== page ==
Moving Out: Breaking Away from Parents
As you begin your first year of school, you’re feeling excited, anxious, and a whole slew of other emotions. Even knowing this, there are some things that are bound to sneak up on you, like getting sick with nobody to make soup or buy you Gatorade; having to share your important decisions with strangers; having a relationship with your parents through your iPhone. (FaceTime is great and all, but it’s just not the same.)
While we’re living at home, we don’t always realize the important role our parents play in our overall comfort. We spend too much time fighting over curfews and chores, without realizing how much different our independent college lifestyle will be. Here are a few tips to help you survive the transition away from mom and dad.
Related: 4 Simple Ways to Gain Independence
We always hear the stories shining a very positive light on the “best four years of your life.” But college can be a very lonely time for many people, especially those that are very close to their parents and siblings at home. To keep this from sneaking up on you, make sure you contact your parents on a regular basis. Make Sundays the days you call or Skype them and fill them in with the details of your life.
You can often talk to your parents about things that you can’t necessarily share with dorm strangers, and they’ll feel good that you’re keeping them in the loop. (I especially recommend directing any and all complaints about your roommate to your parents rather than divulging these issues to friends on campus.)
Cleaning Up After Yourself
Whether you spent your life doing chores or not, when you don’t have someone telling you to clean up after yourself, it’s easy to let your bedroom fall into disarray — complete with a hoarder’s supply of empty pizza boxes and drink containers.
If you’ve got a roommate, you should definitely make it a point to put dirty clothes in the hamper, throw garbage in the trash, and pull the cover up over your bed so it looks halfway “made.” Believe me, these three things will make a gigantic difference in the appearance of cleanliness. And for you boys, it will also make a difference when ladies come to call.
Eating for Your Health
When the cats away, the mice will play, right? Much like kids sneaking candy, recently independent college freshmen like to binge on pizza, beer, and Easy Mac when they get away from daily family meals. Here’s a tip: don’t do that!
Sure, there’s no such thing as homemade meals when you’re living the dorm life, but part of responsible independent living is learning how to feed yourself healthy food. Include a piece of fruit with every breakfast, opt for the salad bar 4 times a week, and avoid fried foods as much as possible.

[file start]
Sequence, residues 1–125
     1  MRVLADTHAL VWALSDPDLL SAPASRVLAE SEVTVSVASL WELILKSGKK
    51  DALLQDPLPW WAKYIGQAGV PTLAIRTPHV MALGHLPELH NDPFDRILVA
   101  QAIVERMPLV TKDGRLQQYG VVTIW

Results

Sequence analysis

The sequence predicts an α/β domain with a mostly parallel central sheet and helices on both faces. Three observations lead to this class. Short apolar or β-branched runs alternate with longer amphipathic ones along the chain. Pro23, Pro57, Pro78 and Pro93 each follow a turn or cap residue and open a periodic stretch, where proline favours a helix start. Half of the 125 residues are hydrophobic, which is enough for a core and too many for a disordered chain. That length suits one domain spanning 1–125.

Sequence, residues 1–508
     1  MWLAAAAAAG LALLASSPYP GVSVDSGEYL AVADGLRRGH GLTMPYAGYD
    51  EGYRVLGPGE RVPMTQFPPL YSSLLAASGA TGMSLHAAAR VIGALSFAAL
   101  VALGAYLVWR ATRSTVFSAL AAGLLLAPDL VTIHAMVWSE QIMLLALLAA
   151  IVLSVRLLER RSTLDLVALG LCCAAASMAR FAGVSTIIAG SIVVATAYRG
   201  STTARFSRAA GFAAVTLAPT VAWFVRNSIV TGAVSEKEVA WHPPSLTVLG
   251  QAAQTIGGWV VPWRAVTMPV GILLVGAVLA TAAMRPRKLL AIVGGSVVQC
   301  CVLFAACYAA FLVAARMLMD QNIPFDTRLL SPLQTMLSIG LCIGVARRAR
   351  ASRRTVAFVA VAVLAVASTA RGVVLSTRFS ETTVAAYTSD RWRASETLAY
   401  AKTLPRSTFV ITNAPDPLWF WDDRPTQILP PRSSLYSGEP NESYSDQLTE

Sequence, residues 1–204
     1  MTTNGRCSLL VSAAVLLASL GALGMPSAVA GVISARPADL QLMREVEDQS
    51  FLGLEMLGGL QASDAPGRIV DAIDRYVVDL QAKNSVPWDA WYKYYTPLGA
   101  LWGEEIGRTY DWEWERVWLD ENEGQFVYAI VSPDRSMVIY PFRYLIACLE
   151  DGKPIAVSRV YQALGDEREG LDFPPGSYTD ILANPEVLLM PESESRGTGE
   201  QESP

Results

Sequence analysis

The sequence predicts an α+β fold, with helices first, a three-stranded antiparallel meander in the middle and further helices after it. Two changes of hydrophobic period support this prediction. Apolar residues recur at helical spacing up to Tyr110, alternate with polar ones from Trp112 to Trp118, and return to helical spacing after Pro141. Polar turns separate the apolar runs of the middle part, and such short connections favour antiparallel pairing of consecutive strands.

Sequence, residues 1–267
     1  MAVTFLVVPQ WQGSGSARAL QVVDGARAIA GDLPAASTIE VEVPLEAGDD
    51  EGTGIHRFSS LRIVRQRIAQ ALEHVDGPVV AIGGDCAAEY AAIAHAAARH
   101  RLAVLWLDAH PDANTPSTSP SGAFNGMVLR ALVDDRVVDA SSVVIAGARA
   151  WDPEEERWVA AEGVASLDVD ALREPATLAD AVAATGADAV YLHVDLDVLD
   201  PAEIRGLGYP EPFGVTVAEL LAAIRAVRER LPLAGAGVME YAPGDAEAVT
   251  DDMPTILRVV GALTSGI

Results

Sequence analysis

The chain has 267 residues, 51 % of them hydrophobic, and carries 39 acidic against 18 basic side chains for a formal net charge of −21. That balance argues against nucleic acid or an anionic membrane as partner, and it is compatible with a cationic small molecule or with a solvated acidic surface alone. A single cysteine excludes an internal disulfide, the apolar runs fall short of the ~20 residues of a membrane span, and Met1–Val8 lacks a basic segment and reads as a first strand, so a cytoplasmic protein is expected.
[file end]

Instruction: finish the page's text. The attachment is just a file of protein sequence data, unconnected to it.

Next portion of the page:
Related: 5 Tips for Better Eating Habits
Doing Your Homework
No more mom telling you to sit down and do your homework the second you walk into the house after school,practice, or work. No more treats for good report cards and awards for perfect attendance. Maybe you didn’t realize it at the time, but there’s a certain amount of motivation associated with work when you have to share your successes and failures with the parents.
Well, it’s time for you to learn how to develop discipline on your own. You can definitely still share your successes and failures with them if you want, but you should first figure out how to stay on top of your classes on your own. Set up a schedule for your studying, try to battle the procrastinator within, and make study dates with others so you’re more motivated to stick to it.
Paying for Your Fun
Not that we all had mom and dad dropping $20 into our pockets every weekend or anything, but there was always the potential to hit them up when necessary. Now that you’re away in college, it’s not really an option. In fact, it really shouldn’t be an option, since you’re trying to break away.
It’s easy to become somewhat financially stable when you’re in college. Most college towns have cafes, restaurants, bookstores, and call centers that hire students for as little as 3 hours per week. These flexible schedules make it a piece of cake for college kids to make $50 a week. That’s just enough money for school supplies, coffee, and partying.
Make it a point to support yourself as much as you can and your later transition into the job world won’t smack you in the face with reality. Much to your parents’ dismay, by Thanksgiving you’ll be thinking, “Mom who?”
Related: 7 Money Tips for College Students
Editor’s Note: If your parents are not supportive of your independent lifestyle , let’s hope you don’t have to go as far as Aubrey Ireland did to achieve independence. She won a stalking protection order against her “helicopter parents” late last year after her parents’ involvement in her life became too much for the 21-year-old to handle.
Image: Lafayette College